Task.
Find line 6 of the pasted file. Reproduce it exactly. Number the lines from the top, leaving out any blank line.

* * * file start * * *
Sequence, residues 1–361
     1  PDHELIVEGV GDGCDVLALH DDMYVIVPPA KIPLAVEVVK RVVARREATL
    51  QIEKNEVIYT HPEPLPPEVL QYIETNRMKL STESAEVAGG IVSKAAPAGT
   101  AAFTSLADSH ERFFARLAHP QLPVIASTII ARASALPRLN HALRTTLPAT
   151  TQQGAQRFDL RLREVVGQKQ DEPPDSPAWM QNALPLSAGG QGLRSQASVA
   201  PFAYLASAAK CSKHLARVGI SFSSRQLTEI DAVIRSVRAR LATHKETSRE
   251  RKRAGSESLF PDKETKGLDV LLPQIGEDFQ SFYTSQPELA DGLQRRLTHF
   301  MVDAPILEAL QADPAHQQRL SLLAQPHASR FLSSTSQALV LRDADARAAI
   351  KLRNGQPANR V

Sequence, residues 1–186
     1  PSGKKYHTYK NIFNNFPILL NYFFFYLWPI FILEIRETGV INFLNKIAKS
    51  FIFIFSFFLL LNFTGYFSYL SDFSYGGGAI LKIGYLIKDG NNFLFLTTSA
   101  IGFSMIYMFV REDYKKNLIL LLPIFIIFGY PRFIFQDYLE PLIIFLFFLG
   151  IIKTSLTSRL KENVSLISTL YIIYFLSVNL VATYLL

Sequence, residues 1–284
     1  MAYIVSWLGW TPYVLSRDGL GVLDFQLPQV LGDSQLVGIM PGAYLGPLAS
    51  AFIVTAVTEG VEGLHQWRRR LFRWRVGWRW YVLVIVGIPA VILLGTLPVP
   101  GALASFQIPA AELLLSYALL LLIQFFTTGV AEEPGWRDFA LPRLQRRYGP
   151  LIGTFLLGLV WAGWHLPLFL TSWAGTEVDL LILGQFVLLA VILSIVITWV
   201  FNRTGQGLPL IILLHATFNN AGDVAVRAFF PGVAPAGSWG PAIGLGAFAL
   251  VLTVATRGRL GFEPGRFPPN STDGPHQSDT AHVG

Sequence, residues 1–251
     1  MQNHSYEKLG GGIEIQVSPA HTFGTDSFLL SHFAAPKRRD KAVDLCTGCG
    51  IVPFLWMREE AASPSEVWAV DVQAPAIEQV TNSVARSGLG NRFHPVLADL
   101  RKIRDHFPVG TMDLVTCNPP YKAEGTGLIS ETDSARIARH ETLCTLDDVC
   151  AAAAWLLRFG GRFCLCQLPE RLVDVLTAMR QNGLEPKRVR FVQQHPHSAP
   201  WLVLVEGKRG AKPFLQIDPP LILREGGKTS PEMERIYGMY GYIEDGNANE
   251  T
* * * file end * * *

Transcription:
   201  PFAYLASAAK CSKHLARVGI SFSSRQLTEI DAVIRSVRAR LATHKETSRE